1991 saw Gonzales retire, finishing on a 16-4 record. He was back living with his Mother and since then worked for the Los Angeles County Department with mentoring young boxers. Recently his story took a nasty turn as he was arrested for committing lewd acts on a child. McCrory would also retire that year finishing with a 30-5-1 record. He died in 2000 following a prolonged battle with illness. Breland would have his first retirement, brought on by a defeat to Jorge Vaca, who Steward claimed “shouldn’t be Breland’s sparring partner.” Biggs begun gate-keep, losing to Riddick Bowe and Lennox Lewis. Hill lost his world title against Thomas Hearns. He entered the fight as favourite, earning over $1 million, but struggled to get past the jab. Taylor defeated Aaron Davis, to win the WBA title with a comfortable decision victory.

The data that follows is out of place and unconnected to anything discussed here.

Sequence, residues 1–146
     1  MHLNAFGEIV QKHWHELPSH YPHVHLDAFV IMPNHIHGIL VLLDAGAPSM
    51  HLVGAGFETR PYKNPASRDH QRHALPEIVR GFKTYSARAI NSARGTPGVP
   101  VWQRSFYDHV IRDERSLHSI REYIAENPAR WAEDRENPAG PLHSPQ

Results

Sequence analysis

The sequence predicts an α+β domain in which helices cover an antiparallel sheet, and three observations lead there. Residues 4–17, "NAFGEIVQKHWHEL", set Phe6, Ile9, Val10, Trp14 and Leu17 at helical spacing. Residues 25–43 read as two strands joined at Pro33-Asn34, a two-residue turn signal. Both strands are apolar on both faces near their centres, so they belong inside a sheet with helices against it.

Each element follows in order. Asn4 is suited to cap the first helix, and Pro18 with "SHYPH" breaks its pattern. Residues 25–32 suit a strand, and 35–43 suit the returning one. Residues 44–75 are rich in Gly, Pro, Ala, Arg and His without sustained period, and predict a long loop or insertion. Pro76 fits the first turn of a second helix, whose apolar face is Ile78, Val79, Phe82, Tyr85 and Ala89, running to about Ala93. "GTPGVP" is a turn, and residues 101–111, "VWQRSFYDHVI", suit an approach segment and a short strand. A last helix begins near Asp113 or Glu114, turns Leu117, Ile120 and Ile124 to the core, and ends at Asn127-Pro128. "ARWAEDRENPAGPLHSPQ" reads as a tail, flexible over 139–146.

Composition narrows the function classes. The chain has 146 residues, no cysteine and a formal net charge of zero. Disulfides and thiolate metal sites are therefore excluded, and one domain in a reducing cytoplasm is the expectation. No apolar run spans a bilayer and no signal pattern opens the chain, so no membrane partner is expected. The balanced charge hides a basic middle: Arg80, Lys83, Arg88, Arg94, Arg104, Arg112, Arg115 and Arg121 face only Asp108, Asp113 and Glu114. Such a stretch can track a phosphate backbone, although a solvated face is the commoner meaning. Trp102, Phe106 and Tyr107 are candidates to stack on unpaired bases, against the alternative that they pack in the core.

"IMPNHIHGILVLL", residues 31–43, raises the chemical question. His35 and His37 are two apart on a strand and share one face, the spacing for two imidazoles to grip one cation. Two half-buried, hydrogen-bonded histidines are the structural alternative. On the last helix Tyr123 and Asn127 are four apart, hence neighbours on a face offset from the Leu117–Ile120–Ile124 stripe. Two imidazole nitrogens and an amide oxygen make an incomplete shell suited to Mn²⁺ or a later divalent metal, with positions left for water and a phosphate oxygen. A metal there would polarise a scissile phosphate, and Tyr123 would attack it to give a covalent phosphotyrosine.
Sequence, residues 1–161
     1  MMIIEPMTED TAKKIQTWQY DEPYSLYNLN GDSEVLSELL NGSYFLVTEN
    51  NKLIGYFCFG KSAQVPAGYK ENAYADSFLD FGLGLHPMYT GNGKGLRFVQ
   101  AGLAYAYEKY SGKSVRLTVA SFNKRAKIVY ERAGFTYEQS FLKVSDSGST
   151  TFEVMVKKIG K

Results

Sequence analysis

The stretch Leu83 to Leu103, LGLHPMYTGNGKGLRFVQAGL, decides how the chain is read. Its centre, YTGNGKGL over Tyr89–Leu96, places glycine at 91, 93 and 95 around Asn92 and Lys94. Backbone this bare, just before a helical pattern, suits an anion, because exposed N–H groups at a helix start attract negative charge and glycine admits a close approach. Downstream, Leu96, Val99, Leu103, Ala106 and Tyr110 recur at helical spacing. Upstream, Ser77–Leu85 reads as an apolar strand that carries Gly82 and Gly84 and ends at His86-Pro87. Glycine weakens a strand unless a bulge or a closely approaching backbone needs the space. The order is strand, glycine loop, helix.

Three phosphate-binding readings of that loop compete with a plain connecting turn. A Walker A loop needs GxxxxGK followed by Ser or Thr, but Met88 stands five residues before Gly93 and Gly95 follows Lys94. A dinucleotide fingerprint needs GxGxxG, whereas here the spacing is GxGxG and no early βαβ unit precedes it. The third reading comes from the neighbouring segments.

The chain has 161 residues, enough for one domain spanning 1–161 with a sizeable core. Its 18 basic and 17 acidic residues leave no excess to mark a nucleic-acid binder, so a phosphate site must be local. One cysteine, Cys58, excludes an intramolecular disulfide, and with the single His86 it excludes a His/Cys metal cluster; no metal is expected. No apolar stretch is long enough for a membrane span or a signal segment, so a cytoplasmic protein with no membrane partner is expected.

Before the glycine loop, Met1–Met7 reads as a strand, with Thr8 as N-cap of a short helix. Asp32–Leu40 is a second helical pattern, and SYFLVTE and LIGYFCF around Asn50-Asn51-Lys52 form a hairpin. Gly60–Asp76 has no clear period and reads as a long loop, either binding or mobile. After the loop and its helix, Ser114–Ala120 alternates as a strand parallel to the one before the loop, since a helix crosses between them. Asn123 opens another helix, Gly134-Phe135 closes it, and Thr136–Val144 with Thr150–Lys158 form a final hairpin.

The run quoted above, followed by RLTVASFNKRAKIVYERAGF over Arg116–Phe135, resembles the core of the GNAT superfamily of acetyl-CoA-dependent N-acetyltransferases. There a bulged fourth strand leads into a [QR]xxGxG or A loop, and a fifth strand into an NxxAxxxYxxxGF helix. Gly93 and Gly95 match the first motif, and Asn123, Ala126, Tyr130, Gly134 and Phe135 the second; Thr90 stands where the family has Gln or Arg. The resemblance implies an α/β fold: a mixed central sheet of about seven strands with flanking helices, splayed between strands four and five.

1991: Taylor taking on Terry Norris

Taylor moved up to light middleweight to fight Terry Norris, his Philly instincts costing him. He took the fight to the stronger Norris, Norris finishing him in the fourth with big right hands. A return to Welterweight saw him pummelled by Crisanto Espana. The second matchup between two Dream Team members took place as Tate clashed with Hill for the vacant WBA Title. Hill won by unanimous decision. The final unbeaten member of the team, saw his first loss as Holyfield was defeated by Riddick Bowe. Whitaker moved up in weight and won the IBF title off Rafael Pineda. A loss to Terry Davis, saw the end of Tillman finishing with a record of 25-6. Following boxing, he volunteered at Rebuild L.A, working with youngsters. Unfortunately, an addiction to gambling followed and he served time for manslaughter. He has returned to the public eye, training Charles Martin.